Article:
Supreme Court rejects Samsung appeal in Apple patents case

Appeal Samsung wanted to appeal the decision of the Supreme court, which for the illegal use quick links instead of phone numbers and addresses, the functions of the slide to instantly unlock the device and auto-correction, which are registered patents of "Apple" company.

Apple's victory in its slide-to-unlock case was significant, but it is relatively minor compared with the company's other pending lawsuits against Samsung, which originally sought up to $1 billion in damages for supposedly copying parts of the iPhone's design, including its app icon interface layout, rounded corners and black rectangular face.

In 2014, a jury awarded Apple $120 million in damages for Samsung's infringement of the patents.

Samsung had paid for damages to Apple for infringing on two patents: the slide-to-unlock gesture and quick links patent.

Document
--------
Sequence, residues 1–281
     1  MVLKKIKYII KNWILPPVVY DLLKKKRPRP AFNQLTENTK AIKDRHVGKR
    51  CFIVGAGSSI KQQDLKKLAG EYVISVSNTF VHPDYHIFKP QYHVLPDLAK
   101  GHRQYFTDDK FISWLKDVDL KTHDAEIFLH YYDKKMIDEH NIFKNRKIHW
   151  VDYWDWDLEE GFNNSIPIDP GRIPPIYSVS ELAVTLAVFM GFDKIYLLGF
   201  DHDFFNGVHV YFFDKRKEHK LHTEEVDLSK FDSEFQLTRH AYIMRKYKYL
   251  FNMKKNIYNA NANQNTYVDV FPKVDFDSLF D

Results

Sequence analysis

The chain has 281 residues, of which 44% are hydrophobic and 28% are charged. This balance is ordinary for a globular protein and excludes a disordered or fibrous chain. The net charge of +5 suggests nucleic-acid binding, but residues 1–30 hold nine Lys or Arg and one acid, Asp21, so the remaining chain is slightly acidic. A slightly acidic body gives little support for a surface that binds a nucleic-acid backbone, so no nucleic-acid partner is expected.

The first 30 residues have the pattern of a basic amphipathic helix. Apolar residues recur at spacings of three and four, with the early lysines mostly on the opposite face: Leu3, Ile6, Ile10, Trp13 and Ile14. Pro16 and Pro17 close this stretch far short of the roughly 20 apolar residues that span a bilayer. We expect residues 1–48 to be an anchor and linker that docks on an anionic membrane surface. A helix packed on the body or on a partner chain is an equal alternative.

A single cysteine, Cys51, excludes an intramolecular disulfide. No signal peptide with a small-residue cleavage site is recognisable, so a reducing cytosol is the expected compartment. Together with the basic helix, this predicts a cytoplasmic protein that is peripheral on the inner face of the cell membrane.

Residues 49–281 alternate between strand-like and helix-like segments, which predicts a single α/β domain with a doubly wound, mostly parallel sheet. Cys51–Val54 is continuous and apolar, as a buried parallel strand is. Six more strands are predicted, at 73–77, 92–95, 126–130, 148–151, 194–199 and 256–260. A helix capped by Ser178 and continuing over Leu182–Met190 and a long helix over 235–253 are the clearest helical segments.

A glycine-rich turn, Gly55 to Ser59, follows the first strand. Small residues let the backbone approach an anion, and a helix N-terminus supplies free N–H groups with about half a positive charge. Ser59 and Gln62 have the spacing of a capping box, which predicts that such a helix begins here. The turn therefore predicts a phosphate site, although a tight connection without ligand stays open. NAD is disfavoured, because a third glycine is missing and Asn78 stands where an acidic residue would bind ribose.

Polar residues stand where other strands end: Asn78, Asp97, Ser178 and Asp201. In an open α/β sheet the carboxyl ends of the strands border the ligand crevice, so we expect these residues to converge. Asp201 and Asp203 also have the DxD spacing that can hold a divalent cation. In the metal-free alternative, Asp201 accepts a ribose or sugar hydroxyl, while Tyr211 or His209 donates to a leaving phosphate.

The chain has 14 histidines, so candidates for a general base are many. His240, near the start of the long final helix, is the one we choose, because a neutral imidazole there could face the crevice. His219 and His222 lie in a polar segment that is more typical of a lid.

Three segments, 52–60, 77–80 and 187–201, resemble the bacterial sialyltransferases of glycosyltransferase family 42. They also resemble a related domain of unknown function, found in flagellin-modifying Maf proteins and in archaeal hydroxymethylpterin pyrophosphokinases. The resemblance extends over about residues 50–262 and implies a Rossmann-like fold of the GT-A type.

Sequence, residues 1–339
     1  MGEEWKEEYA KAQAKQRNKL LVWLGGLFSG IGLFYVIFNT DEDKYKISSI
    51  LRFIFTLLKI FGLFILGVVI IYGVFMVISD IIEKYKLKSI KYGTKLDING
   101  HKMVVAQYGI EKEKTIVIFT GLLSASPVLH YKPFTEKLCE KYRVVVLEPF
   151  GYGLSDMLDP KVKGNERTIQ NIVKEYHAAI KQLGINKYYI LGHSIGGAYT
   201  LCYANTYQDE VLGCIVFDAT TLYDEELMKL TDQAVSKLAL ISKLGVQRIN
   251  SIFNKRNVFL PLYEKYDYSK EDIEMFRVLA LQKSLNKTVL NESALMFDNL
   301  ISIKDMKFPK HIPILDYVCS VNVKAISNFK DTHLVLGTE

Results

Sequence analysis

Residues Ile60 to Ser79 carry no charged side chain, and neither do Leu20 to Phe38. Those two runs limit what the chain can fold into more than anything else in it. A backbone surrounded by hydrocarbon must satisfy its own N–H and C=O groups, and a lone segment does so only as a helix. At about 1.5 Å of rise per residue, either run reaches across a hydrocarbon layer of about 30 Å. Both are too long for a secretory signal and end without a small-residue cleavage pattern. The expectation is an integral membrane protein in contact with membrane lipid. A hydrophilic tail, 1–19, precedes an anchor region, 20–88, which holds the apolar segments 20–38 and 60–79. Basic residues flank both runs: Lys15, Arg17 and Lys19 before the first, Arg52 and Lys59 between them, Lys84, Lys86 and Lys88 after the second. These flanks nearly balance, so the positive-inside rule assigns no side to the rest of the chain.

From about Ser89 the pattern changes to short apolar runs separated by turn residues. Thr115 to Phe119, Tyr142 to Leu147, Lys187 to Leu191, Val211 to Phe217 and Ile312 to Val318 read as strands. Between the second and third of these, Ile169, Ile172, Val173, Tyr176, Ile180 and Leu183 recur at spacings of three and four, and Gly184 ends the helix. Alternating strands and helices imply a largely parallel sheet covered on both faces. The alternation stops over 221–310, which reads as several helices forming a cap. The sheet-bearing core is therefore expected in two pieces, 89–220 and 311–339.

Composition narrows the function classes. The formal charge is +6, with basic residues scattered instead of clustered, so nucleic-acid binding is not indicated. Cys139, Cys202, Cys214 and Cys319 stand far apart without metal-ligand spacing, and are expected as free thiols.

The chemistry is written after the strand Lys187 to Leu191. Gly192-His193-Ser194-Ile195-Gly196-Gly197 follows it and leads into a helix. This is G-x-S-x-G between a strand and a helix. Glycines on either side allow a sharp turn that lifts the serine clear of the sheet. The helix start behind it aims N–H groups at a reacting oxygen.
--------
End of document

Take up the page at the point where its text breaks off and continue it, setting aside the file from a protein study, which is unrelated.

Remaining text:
Finally, 3 years later, the United States Supreme Court has officially shut down the appeal made by Samsung challenging the patent infringement. The ruling was overturned nearly two years later, and then reinstated once again less than a year after that.

But here's the amusing part: all the original phones involved in the battle have already been phased out of protection.

The Apple-Samsung battle had taken a centre stage in one-of-a-kind nasty rival patent wars. However the highest court in the land apparently did not want to do anything with this case and as of Monday officially declined to hear it.

"One of the Apple's patents at issue, in this case, has been invalidated by courts around the world, and yet today's judgment allows Apple to unjustly profit from this patent, stunts innovation and places competition in the courtroom rather than the marketplace". This implies that Apple's $120 million award is back in business, much to Samsung's disadvantage. As it turns out, it was a futile attempt by Samsung and now, has no option to pay to Apple.